Wednesday, November 10, 2010

Book Review: Chaos Space The Sentients of Orion Book Two by Marianne de Pierres

Chaos Space The Sentients of Orion Book Two by Marianne de Pierres
Paperback - A Format
November 2008
432 pages
Science Fiction

The second installment in a compelling new space opera series from the acclaimed Australian author of the Parrish Plessis books.
Having fled the invasion on Araldis, Mira Fedor travels to the nearest Orion League planet seeking aid for her devastated world, but the authorities seem more interested in stealing her bio-ship, Insignia, than in rendering help. While Mira flees from world to world, Araldis burns.The more Mira uncovers, the more mysteries she finds: why is the initiate Tekton taking such extreme measures just to acquire a mineral alloy? Why do so many of the protagonists in this galaxy-wide drama have links to the Stain Wars? And what part does the Sole Entity - literally, God - have to play . . . ?


Marianne de Pierres is the author of the acclaimed Parrish Plessis and Sentients of Orion science fiction series. The Parrish Plessis series has been translated into eight languages and adapted into a roleplaying game. Marianne is an active supporter of genre fiction and has mentored many writers. She lives in Brisbane, Australia, with her husband, three sons and three galahs.

Previous Books:
Mirror Space, Crash Deluxe, Code Noir, Nylon Angel


Part two of the Sentients of Orion series start off pretty much where book one finished off. Again, de Pierre’s develops her characters in a way that elude many sci-fi authors. While some critics think this is detrimental in a sci-fi series, I see it as one of the strengths that de Pierre’s has to draw the reader into the story and creates an empathy with the characters.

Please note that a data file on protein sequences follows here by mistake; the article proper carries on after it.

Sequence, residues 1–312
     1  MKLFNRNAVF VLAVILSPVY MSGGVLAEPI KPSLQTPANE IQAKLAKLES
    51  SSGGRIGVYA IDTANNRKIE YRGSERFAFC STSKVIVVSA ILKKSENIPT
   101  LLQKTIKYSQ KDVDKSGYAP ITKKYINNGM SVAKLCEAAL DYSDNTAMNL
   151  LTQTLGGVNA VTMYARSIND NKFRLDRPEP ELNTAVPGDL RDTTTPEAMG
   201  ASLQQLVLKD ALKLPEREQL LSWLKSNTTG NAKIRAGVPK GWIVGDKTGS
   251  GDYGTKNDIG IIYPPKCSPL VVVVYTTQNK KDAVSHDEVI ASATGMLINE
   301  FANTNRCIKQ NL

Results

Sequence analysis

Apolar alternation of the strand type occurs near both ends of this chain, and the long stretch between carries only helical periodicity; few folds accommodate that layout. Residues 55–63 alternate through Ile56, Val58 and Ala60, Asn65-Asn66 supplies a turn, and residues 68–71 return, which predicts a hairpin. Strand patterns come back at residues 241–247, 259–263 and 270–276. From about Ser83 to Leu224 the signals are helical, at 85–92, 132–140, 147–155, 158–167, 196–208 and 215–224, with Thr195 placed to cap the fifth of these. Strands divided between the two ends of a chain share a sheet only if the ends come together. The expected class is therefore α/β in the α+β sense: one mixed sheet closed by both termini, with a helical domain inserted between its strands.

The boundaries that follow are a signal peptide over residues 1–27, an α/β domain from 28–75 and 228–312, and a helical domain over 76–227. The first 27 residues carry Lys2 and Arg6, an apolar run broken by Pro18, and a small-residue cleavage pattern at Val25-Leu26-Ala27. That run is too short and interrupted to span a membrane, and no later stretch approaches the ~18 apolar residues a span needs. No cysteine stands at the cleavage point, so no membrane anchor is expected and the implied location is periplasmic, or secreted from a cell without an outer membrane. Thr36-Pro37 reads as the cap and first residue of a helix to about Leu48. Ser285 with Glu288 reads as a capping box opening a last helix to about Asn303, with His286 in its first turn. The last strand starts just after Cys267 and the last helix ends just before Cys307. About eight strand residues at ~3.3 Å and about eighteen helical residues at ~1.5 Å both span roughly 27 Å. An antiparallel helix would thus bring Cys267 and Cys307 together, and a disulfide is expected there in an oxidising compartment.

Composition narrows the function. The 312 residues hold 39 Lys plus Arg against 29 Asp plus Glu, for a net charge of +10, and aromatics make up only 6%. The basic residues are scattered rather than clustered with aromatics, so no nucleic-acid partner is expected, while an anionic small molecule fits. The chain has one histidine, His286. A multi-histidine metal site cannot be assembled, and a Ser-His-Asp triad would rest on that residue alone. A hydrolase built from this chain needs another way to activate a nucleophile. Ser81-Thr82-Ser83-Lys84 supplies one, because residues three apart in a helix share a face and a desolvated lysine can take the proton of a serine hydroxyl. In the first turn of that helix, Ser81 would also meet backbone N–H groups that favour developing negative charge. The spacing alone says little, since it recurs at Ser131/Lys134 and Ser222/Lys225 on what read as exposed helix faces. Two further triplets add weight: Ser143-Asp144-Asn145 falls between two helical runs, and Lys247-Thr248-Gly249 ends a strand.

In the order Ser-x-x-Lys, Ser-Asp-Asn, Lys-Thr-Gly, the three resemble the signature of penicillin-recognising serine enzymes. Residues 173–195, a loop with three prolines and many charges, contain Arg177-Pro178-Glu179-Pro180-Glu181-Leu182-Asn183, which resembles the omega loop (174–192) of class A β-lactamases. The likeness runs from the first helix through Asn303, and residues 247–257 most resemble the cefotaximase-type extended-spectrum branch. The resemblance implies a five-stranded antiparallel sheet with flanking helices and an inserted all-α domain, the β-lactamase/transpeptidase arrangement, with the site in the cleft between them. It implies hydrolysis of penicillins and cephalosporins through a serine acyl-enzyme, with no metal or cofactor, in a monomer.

This second novel is Space Opera at its best. The complexity of the sub plots intertwining throughout the course of the novel creates an exciting and well paces storyline that keeps the reader thinking.

Mira Fedor, the heroine from the first book is still travelling the galaxy in search of aid for her home world. As with any great story, this is the cause of endless conflict and hostility for the main character, for whom, nothing ever seems to go easy.

Chaos Space spends a bit of time setting the scene for the big finale in the final novel, so does suffer a bit at this expense. If read immediately after Dark Space and right before Mirror Space, this element can easily be overlooked. I would actually like to see this trilogy in an omnibus so that the reader would appreciate the story better.

This book is full of the wit and action that we’ve come to expect from de Pierre’s and is definitely worth reading.

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